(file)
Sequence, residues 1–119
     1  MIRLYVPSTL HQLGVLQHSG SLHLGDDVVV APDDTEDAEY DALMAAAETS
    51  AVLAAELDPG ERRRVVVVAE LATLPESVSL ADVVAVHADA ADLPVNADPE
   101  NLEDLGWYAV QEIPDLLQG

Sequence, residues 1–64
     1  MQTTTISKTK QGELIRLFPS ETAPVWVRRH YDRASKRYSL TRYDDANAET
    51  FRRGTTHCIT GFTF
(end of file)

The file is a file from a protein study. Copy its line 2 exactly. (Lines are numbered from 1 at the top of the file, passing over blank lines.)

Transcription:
     1  MIRLYVPSTL HQLGVLQHSG SLHLGDDVVV APDDTEDAEY DALMAAAETS